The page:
The answers to all those questions are "No". I can think of dozens, probably hundreds of other questions that you would have to say no to, too. The fact is, we are all, even the very brightest among us, deeply and unutterably stupid. We can't solve the world's problems because we're too thick. We've been trying throughout recorded history (and presumably long before then) and we have failed. Failed dismally. Failed in a way that should be excruciatingly embarrassing to all of us. Let's face it, we're a bunch of chimps with cars and cell phones and we haven't got a clue.
And that's why there is no way to fix the world; we just haven't got the brains. We might as well give up, go back to the trees and scratch our arses until we're extinct.
Oh, hang on, we can't do that, can we? We stupidly cut down all the trees.

Now how did he get here?

04 August, 2011

Yasmin needs brain surgery but can't afford it

It is a sad and terrible indictment of the society in which we live that a woman like Yasmin McKillop might die because she can't afford the surgery that could save her life. Yasmin is a young woman, a nurse who cares for old people at my local hospital. She's one of those lovely people you take to immediately. She is married to my friend James, who is blind, and they have two young boys. And now, Yasmin has a brain tumour. The prognosis from surgeons at the public hospitals here is very poor, but there is a surgeon in Sydney who believes he can save her, if she can find sixty thousand dollars for the operation.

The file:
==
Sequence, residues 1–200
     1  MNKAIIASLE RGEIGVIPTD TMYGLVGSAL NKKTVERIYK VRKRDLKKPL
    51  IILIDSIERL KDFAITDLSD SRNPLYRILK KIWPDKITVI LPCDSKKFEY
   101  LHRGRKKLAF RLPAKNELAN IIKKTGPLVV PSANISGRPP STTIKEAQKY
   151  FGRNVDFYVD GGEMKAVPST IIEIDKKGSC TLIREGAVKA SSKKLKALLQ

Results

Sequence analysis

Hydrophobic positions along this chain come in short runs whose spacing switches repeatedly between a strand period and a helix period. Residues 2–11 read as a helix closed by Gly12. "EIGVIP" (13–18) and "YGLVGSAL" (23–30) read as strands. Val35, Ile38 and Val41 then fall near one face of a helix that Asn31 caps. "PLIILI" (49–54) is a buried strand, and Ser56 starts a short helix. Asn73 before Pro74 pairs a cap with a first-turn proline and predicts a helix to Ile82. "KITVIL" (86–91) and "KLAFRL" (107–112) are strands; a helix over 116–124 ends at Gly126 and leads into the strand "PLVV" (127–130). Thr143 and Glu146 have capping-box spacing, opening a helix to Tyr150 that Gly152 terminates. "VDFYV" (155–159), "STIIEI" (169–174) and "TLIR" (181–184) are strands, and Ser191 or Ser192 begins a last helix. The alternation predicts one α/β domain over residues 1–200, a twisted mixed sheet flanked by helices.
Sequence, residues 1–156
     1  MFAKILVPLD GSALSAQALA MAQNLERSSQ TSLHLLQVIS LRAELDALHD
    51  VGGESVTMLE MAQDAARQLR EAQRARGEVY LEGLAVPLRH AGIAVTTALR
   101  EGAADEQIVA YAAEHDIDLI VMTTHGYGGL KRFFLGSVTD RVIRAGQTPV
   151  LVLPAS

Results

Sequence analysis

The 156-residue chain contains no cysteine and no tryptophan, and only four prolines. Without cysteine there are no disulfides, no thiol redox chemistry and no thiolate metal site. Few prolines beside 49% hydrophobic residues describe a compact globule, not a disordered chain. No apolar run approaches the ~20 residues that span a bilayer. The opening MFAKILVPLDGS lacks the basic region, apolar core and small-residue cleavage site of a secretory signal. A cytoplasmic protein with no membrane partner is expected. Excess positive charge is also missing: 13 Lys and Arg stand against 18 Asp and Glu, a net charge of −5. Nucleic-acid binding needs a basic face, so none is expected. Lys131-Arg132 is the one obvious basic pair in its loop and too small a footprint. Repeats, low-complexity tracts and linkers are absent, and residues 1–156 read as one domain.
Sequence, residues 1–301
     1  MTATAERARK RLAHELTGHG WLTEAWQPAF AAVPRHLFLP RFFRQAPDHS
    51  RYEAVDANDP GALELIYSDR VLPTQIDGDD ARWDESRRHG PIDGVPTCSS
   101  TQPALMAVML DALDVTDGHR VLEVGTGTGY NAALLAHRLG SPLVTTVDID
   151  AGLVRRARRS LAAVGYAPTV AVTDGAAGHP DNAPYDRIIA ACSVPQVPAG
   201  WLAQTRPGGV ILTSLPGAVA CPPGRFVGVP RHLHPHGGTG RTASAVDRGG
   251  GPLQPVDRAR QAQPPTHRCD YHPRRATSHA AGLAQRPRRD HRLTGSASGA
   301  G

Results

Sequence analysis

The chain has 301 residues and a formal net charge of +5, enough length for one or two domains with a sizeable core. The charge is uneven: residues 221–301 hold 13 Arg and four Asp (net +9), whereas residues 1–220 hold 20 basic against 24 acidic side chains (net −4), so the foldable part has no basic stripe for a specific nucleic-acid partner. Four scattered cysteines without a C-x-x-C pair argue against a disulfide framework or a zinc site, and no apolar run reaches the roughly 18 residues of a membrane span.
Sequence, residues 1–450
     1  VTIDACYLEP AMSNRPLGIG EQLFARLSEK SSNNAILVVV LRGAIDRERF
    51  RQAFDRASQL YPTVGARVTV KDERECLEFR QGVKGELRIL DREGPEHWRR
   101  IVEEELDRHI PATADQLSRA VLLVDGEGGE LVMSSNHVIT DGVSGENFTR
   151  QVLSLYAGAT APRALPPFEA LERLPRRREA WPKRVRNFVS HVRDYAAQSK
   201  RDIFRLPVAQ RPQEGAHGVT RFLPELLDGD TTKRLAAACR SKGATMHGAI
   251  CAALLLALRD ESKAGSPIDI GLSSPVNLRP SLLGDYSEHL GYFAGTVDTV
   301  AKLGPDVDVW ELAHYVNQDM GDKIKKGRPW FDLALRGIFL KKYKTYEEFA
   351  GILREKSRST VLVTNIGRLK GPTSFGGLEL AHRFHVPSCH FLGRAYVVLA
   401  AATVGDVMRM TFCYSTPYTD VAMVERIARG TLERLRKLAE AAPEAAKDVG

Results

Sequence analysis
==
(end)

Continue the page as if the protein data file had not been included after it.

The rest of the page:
On a nurse's wage and James' invalidity benefits, Yasmin has no house to sell, no savings to draw on. Her family are just ordinary, working people. That kind of money is so far beyond the reach of normal people that it must seem completely hopeless to her family and friends.

In desperation, her sister, Mia, has launched an appeal. Mia is not a media-savvy campaigner with far-reaching networks into the circles where money like this is easily found. She's just a young woman who lives and works in a small, country town who loves her sister and is doing all she can for her. She has put up a Facebook page. She is talking to local people and local businesses - in Stanthorpe, one of the poorest towns in the whole of Australia. That's why we need to do something to help Mia raise that money and save her sister.

I know most of the people who read my blog are writers and working people too. I doubt we could raise that much money between us, but we can raise some, and there are plenty of other ways we can help. This is what I would like each of you to do.

1. Visit Mia's Facebook page and donate something to the appeal - even if it is only $5 - the price of a cup of coffee. The link is also at the bottom of this post.